SNAP: How Does Support Group Check Out Allegations Of Clergy Abuse?
KSDK TV - February 22, 2006
The Survivors Network of Those Abused by Priests, also known as SNAP, has spoken out on behalf of many plaintiffs suing priests for sex abuse. Because those allegations can ruin a person's reputation we asked the national director how SNAP determines what makes an accusation credible.
David Clohessy explains, "We are a 17 year old self help group for men and women abused by clergy. We basically have 2 mission. One is to help heal the wounded. A second is to help protect the vulnerable."
Since the sex abuse scandal broke 4 years ago in the Catholic Church, SNAP has called many press conferences to single out priests accused of sexual abuse in civil lawsuits. Many allegations, including the latest involving Father Robert Osborne from Vianney, are revealed publicly by SNAP before prosecutors determine if criminal charges will be filed.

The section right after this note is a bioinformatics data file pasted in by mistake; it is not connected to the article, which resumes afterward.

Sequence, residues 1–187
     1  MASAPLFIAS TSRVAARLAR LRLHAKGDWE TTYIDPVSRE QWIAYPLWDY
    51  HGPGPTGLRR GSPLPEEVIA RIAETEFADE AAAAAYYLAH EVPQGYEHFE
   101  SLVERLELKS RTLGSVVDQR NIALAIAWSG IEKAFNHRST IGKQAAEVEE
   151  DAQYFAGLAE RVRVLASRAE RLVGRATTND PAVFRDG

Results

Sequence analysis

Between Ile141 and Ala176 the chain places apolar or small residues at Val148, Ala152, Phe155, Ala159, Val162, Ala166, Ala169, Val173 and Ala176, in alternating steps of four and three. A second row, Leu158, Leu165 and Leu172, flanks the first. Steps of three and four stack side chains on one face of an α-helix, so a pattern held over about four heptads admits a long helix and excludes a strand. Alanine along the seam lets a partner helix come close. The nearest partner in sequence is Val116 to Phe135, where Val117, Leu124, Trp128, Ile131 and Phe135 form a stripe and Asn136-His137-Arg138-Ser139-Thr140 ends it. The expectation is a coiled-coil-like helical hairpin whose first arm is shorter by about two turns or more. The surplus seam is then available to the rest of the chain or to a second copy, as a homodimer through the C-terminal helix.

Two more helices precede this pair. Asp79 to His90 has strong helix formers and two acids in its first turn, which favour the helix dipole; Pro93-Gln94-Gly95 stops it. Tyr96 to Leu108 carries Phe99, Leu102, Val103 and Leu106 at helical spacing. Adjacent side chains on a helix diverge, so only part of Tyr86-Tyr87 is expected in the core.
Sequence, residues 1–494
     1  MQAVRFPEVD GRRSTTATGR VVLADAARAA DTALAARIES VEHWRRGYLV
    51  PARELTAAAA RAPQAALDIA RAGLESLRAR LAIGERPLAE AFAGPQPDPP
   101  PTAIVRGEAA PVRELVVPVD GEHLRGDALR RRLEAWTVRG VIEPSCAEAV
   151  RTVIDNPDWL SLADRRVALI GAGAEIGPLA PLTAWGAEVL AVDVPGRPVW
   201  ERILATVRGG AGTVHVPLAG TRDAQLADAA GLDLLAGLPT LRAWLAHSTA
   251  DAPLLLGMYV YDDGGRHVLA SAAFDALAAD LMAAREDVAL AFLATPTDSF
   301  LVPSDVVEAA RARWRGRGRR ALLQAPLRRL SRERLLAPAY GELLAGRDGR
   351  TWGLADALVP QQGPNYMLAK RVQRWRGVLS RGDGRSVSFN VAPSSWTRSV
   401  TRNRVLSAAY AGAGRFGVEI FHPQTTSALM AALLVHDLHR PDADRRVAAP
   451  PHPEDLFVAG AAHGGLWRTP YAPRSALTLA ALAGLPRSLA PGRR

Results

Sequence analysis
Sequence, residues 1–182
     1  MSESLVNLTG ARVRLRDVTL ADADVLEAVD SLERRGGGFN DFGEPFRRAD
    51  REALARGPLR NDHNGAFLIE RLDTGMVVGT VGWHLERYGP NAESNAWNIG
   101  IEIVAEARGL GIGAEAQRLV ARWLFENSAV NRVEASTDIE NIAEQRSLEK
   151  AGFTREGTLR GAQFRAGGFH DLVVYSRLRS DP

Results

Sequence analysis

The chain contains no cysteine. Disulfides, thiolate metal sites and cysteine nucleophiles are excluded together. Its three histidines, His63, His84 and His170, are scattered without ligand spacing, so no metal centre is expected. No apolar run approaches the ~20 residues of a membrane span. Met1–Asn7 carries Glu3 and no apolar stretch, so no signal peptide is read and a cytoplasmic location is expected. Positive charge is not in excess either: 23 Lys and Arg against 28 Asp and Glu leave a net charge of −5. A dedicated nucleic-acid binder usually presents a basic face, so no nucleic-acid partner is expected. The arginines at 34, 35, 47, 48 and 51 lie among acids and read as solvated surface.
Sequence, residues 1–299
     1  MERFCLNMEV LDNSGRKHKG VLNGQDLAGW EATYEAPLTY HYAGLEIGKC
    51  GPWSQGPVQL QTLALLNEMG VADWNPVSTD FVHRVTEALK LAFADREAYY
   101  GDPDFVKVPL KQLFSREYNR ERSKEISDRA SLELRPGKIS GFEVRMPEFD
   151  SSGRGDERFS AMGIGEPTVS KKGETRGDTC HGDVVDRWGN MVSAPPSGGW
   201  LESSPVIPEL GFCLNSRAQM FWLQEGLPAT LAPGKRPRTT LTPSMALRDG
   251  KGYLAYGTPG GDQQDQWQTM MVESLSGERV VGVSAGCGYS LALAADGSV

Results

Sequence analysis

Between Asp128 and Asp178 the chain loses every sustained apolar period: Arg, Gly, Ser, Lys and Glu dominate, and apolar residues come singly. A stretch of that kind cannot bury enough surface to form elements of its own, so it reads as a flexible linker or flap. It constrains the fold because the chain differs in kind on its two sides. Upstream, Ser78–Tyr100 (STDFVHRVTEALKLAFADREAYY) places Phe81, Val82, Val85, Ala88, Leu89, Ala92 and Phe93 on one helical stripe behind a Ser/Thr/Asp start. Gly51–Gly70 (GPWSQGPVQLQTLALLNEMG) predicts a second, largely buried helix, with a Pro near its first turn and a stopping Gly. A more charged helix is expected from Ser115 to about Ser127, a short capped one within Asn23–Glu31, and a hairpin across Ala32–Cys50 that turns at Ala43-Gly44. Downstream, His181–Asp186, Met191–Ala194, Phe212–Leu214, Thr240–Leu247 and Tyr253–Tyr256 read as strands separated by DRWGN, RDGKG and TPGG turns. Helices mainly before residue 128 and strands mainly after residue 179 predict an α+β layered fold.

We asked Clohessy what measures his organization takes to determine an accusers credibility. "I've talked to literally hundreds if not thousands of men and women who have been abused by clergy, and I've got a pretty good radar. I want to say we don't have private eyes on staff. We don't have the capability to do major investigations, but I would just go back to that track record."
Clohessy says in 17 years only a handful of abuse lawsuits have been thrown out. "I've certainly talked to people whose stories don't add up, and typically I think if they file a lawsuit they will have a hard time finding a lawyer."
Clohessy acknowledged 24 Catholic priests have been cleared of wrongdoing in the past 4 years. "I don't mean to minimize the horror those men have gone through, but to the best of my knowledge they are functioning as pastors. They are not suicidal, as best I can tell.
Clohessy says he is so passionate about the issue because his brother was a priest who abused children.
According to an attorney referred by SNAP, in the past four years 65 sex abuse lawsuits have been filed against 20 members of local clergy. 32 have been settled for $2.7 million and the remaining 33 are pending. 3 of the priests were convicted in court.